Published: Feb. 17, 2023
colloquium Poster with title, time

Jin-Kyu Jung​
Urban geographer/planner
University of Washington Bothell

In Person:
GUGG 205
Feb 17, 2023, 3:35 PM - 5:00 PM

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Creative geographic visualization is situated at the intersection of geography, arts, and digital humanities. It emphasizes forms of visualization and mapping that preserve, represent, and generate more authentic, contextual, and nuanced meanings of space and the people that inhabit space—using specifically artistic and humanistic perspectives and approaches. Creative geographic visualization is an expansion of critical and qualitative GIS practices, and a new alternative to historically science-rooted approaches to GIS and mapping (Cope and Elwood 2009; Hawkins 2017; Schuurman 2000). This presentation is partly a theoretical and practical reflection on the idea of mapping haunted data and happy place and partly an account of an ongoing interdisciplinary collaboration between an urban geographer who has an interest in qualitative possibilities of GIS and an arts scholar who specializes in thinking about digital culture and creative practice. The goal is to create space for re-imagining where and how mapping and GIS are practiced—a critical and creative engagement of/with GIS and geovisualization.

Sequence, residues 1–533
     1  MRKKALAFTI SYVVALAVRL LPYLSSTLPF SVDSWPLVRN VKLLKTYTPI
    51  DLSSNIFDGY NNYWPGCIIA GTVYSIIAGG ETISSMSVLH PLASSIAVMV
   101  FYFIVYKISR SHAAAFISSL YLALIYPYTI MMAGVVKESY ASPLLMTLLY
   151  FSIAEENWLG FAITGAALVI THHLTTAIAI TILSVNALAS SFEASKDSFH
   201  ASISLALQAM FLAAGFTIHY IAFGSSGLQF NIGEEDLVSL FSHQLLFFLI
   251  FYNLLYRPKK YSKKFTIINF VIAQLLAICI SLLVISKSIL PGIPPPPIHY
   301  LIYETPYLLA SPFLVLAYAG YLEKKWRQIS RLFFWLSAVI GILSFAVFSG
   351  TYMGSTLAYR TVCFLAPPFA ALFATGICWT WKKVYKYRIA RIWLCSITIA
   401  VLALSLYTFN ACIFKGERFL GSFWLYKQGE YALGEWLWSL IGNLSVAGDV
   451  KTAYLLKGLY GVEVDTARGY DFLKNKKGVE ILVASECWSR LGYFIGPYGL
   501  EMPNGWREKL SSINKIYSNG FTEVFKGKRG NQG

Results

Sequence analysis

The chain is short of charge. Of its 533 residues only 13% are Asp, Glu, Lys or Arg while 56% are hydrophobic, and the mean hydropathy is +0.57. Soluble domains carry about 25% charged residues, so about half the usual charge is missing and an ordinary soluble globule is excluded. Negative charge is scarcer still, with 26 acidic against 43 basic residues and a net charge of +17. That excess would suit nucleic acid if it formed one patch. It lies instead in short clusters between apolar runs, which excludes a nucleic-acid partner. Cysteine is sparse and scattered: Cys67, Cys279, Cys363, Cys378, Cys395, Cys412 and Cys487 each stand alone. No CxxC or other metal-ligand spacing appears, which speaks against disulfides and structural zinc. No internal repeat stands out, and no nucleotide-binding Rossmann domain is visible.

Jin-Kyu Jung is an urban geographer/planner whose interdisciplinary research program contributes to develop new ways of expanding critical, qualitative, and creative possibilities of/with GIS and geographic visualization in understanding socio-spatial processes and politics of urban space in an engaged way. His research offers geographers and interdisciplinary scholars epistemological and methodological innovation in digital technologies that integrate various forms of data/evidence  and representation, and analysis often seen as incompatible: qualitative and quantitative, visuality and numeracy, texts, and maps, and artistic and scientific. By applying in research on a variety of topics such as people’s perception of community, the imagination of social space, representation of urban precarity and inequality, and urban regeneration and smart cities, he is committed to demonstrate how this integrated approach generates deeper and more nuanced geographical insights than are possible within singular epistemological and methodological frameworks, and allows us a meaningful community engaged scholarship.

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